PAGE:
Spaghetti squash is a large oval squash that forms spaghetti-like strands when it's cooked. It has gained popularity in recent years as a lower-carbohydrate substitute for regular grain-based pasta. The texture is soft with a slight crunch. It may not taste exactly like spaghetti, but it's delicious and pairs well with many flavors.
Cooking the perfect spaghetti squash is quite simple. Like many other squash varieties, spaghetti squash is often inexpensive and easy to grow in a backyard garden.
To prepare the perfect baked spaghetti squash, start by pre-heating the oven to 400 degrees. While the oven is preheating, cut the squash in half lengthwise. With a large spoon, scoop out the seeds. Coat the inside of each half with olive oil and lightly season with salt and pepper. Place them in a baking pan, cut side down, and roast for about 45 minutes.
Around this time, gently scrape a fork on the inside of the squash. If the flesh breaks apart easily like al dente "noodle" strings, it is ready to eat. Discard the firm skin.
Sometimes there is not enough time to wait for a spaghetti squash to bake in the oven. The good news is that using the microwave is just as easy but takes a fraction of the time.
Similar to the baking instructions, cut the squash lengthwise and scoop out the seeds. After lightly seasoning the inside of each with olive oil, salt, and pepper, place the squash in a microwavable dish, cut side down.
Set the microwave to cook for 12 to 15 minutes, checking on the progress about halfway through. The squash will be ready when a fork easily scrapes out the strands.
Spaghetti squash has a very mild flavor and does not have the sweetness that many other squash varieties possess. This means that it can be easily substituted for pasta in your family's favorite dishes.
Cook some ground beef until done. Add diced onions, diced tomatoes, tomato paste, garlic, and salt. Simmer for 20-30 minutes while the spaghetti squash is baking. Spoon sauce on spaghetti squash noodles and serve with parmesan cheese.
Give Taco Tuesday a healthy twist by substituting taco shells with spaghetti squash. While the squash is cooking, prepare the ingredients for a fun taco bowl. Kids love this option because the squash can be used as the actual bowl!
Possible toppings for taco bowls:
Add everything to your bowl and eat immediately. Or add your toppings to the bowl, top with cheese and broil for three minutes in the oven.
This saucy squash idea will fill your tummy with the creaminess of cheese and the healthiness of vegetables.
Once the squash has been fully cooked, add the warm spaghetti strands to a bowl of ricotta cheese, parmesan cheese, garlic, and pepper. Stir the ingredients and return them to the squash bowl. Top with your favorite cheese - cheddar, mozzarella or something a bit spicier. Return it to the oven for 2-3 minutes under the broiler.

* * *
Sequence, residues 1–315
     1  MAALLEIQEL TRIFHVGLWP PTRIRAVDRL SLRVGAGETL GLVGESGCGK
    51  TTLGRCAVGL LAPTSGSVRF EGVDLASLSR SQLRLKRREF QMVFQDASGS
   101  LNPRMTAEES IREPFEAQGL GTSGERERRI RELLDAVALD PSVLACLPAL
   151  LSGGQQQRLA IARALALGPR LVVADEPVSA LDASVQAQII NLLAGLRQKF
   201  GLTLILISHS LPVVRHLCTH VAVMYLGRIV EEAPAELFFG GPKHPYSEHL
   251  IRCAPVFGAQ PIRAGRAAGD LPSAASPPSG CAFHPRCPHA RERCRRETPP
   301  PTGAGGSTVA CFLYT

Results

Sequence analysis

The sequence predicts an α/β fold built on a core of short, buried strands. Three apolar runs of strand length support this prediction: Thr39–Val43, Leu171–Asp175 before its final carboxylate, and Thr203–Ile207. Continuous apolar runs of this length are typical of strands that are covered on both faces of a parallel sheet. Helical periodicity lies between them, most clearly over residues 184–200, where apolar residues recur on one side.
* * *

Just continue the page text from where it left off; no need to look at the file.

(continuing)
For a quick weeknight Asian-inspired dish, try a teriyaki spaghetti squash meal. Stir fry a selection of vegetables or meats:
Add a bottle of teriyaki sauce, or make your own, and combine the ingredients with the cooked spaghetti squash. It's a healthy and warm meal after work.
After cooking spaghetti squash, there is sometimes still lots left over. Breakfast is an easily overlooked meal, one where squash is not usually included. Sauteed with some onion and olive oil, the squash will resemble a typical breakfast hash. Top it off with a fried egg and some bacon, and its a fresh change on the typical diner breakfast.
Busy families enjoy preparing their meals for the week in advance. Spaghetti squash is the ideal vegetable for pre-made pasta dishes. Unlike pasta, which can get dry or sometimes soggy after being refrigerated, this squash tends to hold its texture.
Just a couple of minutes in the microwave is enough to reheat the squash, and it can be enjoyed right away. As part of a packed lunch, it is also delicious cold as part of a pasta salad.
The most common mistake when preparing spaghetti squash is overcooking. It is important to remember that the squash will not be exactly the same texture as pasta. Cooking it too long may leave you with a soggy mess.
After cooking the squash for the recommended time, check on it. If it seems almost done, it probably is, and it may continue to cook a little bit after removal from the oven.
Spaghetti squash is a low-carb alternative to pasta. In addition to this, it only contains 42 calories per one-cup serving. You can easily grow it in a household garden or balcony pot. It lasts for weeks in the refrigerator, so stock up on them when there's a sale at the local market.